Wireless help and advice needed for the budget minded...

Discussion in 'Computers' started by Kevin Alexander, Jul 15, 2003.

  1. Kevin Alexander

    Kevin Alexander Screenwriter

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    I just got a new Dell Inspiron laptop and I want to waste no time going wireless. Mainly I will be surfing here around at my split-level house. I've been doing some research on the differences between 802.11 b/g and was wondering if the 802.11g standard is worth the extra money over 802.11b for sharing my DSL connection here at home. I want to be able to take my laptop downstairs and surf the net. Will the extra speed and supposed range of 802.11g benefit me, or will 802.11b gear work just as well for less $$$?

    Also, what gear do some of you recommend for the budget minded guy like myself?.....Belkin? Netgear? Linksys? I'm assuming that I only need a wireless router (preferably w/ printer support) and a laptop wireless card. I will spend a little extra for 802.11g if you guys think that it's worth it. Your thoughts please. Thanks to all in advance.
     
  2. Chris Hovanic

    Chris Hovanic Supporting Actor

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    Have not used g yet. Placement of your wireless access point (WAP) will be a big factor.

    If you can place an 802.11b WAP in the center of your house you could maximize your range around your house. Now if you have to keep the WAP in the Garage at a far extreem of the house you may run into problems at the other extreem areas of the house.

    Since you are only surfing the net the speed should not be an issue.

    Bilkin, Netgear and Linksys are all good choices and prices should be about the same.

    Find a local place that you can purchase the router and Wireless NIC that will accept returns. Try out 802.11b and see how it works. If you are unhappy with the performance return it and get the g. As for the NIC get one that supports a, b and g then you will never be without internet (like when you travel).

    Be warned that 2.4ghz phones will interfere with b. Play with the antenas and placement around the house. Sometimes moving it 2 and adjusting the antenas you will greatly increase distance.

    Make sure you lock down your router so that someone does not leach onto your network and steel your bandwidth.

    Good luck
     
  3. SteveA

    SteveA Supporting Actor

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    802.11g rocks! It's not that much more expensive than 802.11b, but it's 5 times faster and backward compatible. You might not benefit from the extra speed if all you do is surf the web, but if you ever do any network-intensive stuff between PCs within your house, you'll be glad you opted for the higher speed of 802.11g.
     
  4. Lee L

    Lee L Supporting Actor

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    The g technology should have an equivalent range to the b, although in theory the speed as you get further away will be higher. At any rate, the both the 802.11b and g are much faster than any DSL or cable connection so fr web surfing either will work. as SteveA mentioned, the g will allow much faster in-network transfers so if you are thinking of ever doing video over the network it never hurts to have more bandwidth than you need.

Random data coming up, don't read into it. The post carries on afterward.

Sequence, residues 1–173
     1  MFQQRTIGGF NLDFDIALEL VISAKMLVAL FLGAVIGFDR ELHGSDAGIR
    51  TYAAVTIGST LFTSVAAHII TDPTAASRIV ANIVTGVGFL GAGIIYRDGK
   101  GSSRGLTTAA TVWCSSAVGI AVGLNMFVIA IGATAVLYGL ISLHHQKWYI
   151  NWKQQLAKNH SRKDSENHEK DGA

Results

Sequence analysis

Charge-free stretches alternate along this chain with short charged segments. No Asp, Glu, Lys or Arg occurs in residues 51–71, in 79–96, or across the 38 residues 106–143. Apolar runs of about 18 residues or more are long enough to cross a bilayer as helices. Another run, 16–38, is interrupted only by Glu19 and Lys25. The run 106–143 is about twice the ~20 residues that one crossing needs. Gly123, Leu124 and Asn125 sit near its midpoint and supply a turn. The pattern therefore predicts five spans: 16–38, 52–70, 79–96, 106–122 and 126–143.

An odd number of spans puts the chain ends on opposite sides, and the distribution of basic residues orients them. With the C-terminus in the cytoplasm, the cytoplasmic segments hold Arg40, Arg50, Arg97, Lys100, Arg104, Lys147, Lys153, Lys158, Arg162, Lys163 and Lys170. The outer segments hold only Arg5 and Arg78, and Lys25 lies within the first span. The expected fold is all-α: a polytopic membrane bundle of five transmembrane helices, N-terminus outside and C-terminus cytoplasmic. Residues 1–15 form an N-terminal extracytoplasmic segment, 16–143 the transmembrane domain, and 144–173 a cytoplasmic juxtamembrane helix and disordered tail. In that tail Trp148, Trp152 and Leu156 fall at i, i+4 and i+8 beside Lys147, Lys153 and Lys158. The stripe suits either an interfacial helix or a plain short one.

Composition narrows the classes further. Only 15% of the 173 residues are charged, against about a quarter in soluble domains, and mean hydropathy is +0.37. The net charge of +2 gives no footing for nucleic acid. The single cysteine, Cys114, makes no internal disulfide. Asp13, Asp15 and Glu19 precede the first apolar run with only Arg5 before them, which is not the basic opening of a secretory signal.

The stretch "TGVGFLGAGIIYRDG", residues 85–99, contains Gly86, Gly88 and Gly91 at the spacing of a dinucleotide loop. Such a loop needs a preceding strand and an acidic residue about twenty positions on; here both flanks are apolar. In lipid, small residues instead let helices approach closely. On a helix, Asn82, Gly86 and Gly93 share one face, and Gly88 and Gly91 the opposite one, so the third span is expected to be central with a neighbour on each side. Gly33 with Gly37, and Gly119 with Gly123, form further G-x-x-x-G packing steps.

5. Kevin Alexander

    Kevin Alexander Screenwriter

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    Well, I got a Siemens 802.11b wireless router and adapter and it is all the speed that I need, plus, it works all over the house! I'm so giddy....I got everything for $55 shipped to my house. OK, what security features do I need to know about and/or enable? Thanks everyone!!!!!!!!!!
     
  6. JamesHl

    JamesHl Supporting Actor

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    Make sure you enable wep, and also enable mac address filtering. Both can be broken, but it's really unlikely someone is going to hang around outside your house for a long enough time to break it just to use your internet connection.
     
  7. Steve_Ch

    Steve_Ch Supporting Actor

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    >>802.11g rocks! It's not that much more expensive than 802.11b
     
  8. Gabriel_Lam

    Gabriel_Lam Screenwriter

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    Watch out for panasonic's gigaset 2.4Ghz phones. They're very agressive. Had problems with them and all of the 802.11b stuff I've used.
     
  9. Chris Hovanic

    Chris Hovanic Supporting Actor

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    Steve_Ch - May would have been a better choince of wording. It all depends on location and well location.
    [​IMG]
     
  10. Kevin Alexander

    Kevin Alexander Screenwriter

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    I think all of my phones are 900Mhz.
     
  11. Todd L.

    Todd L. Auditioning

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    Be warned, if you turn on WEP, your range of how far you can roam around your house will be drastically reduced. WEP really isn't necessary if all you are doing is surfing the net, unless you are extremely worried about someone parking outside your house and attempting to "sniff" what your are surfing. Encrypted information is still encrypted so you don't have to worry about that anyway. Just my .02